I think that it is important for parents to get their youngsters out and experiencing the joys that fishing and being out in the wild has to offer their children from a young age. Not only is it fun but it also teaches them to love and respect nature… something that I think a lot of today’s youngsters sadly lack.

Big water pike fishing

What types of waters do you mostly fish?

90% of my pike fishing is done on trout waters. Simply because thats the type of waters that I get most of a buzz out of fishing. After all there is no better place to catch a big pike than on a big trout water.

Trout waters like Chew are the types of venue I like to spend my time on

They are tricky to catch from and for that reason I don’t catch a lot of pike each year but the ones that I do catch are usually pretty special. That’s what drives my pike fishing, I do like fishing difficult venues. It gives me more of a buzz when I do catch one. 
The often difficult nature of these venues always keeps me on my toes and I’m always thinking of different ways I can catch them. I like to think of myself as a thinking angler. I’m not one for following guys or fishing the ‘GOING ’ venues.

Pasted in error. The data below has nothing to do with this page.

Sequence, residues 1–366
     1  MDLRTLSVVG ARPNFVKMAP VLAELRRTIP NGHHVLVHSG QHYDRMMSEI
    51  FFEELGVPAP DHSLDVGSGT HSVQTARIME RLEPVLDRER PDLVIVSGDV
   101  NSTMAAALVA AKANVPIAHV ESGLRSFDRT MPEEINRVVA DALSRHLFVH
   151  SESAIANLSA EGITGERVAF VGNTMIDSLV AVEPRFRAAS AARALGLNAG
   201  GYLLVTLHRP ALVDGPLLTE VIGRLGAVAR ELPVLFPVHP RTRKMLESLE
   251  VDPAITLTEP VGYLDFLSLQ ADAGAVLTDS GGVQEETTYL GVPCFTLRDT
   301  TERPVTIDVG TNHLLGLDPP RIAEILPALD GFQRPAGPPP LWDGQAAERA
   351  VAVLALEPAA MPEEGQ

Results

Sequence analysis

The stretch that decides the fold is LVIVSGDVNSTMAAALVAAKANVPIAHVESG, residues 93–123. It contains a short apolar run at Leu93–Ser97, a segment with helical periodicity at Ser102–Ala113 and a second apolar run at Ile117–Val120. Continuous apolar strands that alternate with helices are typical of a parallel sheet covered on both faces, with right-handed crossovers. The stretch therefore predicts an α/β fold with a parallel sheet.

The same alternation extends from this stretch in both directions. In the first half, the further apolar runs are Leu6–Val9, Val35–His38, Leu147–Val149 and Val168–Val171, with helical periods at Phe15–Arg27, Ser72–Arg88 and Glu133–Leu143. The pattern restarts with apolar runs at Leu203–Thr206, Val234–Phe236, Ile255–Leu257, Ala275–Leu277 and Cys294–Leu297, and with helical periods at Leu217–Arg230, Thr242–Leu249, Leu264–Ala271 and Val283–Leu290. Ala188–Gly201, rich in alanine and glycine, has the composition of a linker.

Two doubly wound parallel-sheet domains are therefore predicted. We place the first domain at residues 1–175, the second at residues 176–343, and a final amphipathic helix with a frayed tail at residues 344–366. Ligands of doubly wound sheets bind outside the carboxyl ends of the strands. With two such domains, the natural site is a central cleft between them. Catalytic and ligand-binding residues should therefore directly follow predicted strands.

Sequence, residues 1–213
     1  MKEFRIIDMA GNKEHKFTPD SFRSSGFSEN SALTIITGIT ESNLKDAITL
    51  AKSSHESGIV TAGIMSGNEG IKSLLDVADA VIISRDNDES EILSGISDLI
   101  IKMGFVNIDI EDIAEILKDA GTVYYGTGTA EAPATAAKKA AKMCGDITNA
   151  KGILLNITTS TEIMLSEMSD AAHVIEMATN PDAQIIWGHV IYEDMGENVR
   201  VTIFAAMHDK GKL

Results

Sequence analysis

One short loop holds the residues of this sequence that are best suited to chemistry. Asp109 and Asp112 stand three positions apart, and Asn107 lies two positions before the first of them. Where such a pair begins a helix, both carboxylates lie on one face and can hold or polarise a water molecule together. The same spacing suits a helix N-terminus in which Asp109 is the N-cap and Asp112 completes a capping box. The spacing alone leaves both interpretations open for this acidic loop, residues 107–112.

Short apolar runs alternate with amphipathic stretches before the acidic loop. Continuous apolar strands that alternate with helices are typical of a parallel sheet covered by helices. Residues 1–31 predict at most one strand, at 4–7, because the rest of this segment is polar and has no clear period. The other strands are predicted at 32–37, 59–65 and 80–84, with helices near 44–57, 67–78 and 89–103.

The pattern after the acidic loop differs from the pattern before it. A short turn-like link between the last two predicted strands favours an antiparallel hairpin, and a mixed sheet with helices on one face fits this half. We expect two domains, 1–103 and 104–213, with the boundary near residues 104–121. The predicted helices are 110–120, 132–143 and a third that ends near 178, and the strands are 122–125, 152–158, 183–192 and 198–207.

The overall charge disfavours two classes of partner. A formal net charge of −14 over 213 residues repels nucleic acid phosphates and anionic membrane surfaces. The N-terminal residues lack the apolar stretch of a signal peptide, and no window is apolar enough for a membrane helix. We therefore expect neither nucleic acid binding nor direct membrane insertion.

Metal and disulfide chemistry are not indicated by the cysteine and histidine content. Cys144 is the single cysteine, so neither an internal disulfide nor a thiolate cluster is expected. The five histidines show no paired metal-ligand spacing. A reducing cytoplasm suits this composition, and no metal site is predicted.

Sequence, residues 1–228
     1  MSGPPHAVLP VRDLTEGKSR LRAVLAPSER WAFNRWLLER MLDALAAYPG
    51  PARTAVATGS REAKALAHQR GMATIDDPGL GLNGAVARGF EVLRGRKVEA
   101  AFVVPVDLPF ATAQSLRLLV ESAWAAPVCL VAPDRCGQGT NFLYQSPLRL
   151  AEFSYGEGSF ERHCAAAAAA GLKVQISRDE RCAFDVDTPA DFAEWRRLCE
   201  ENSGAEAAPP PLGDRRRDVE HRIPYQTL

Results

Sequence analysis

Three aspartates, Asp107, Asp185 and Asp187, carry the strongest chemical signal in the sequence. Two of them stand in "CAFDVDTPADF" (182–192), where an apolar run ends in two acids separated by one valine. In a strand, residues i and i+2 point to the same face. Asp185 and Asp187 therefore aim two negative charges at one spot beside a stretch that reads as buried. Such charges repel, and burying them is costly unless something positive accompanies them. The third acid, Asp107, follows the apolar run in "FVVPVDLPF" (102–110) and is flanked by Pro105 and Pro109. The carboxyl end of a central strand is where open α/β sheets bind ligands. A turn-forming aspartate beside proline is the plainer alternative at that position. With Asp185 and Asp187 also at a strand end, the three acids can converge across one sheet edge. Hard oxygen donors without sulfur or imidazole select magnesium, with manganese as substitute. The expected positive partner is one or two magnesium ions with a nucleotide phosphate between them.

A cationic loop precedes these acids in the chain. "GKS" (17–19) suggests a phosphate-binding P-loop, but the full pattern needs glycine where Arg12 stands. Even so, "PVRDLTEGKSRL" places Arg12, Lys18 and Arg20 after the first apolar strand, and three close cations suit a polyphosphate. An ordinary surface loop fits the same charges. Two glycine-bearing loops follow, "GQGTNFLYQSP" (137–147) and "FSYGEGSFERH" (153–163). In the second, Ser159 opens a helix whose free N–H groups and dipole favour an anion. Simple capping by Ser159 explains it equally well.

Fly fishing for pike

I like to find my own fishing, that way I have no one else to compete with and I can experiment with things and be a bit more leisurely in the way I go about it. Unlike most guys in Scotland I very rarely fish for pike during the warmer months. If I do it’s usually on the large wild waters with the lure or fly rod just to get my fix and to keep the buzz going. I much prefer fishing for perch or tench during this time of year.

Craig loves his summer perch fishing

When it comes to trying to tempt a larger pike, what methods have you found the most successful and what are your preferred baits?

As a general rule big pike are not any harder to catch than smaller pike it’s just that theres a lot less of them about on most waters. Interestingly though what I have found when targeting big pike is that they can be very fussy as to what they want and how they want it. Finding this out is IMO the key to fishing any water for BIG pike no matter the size of it.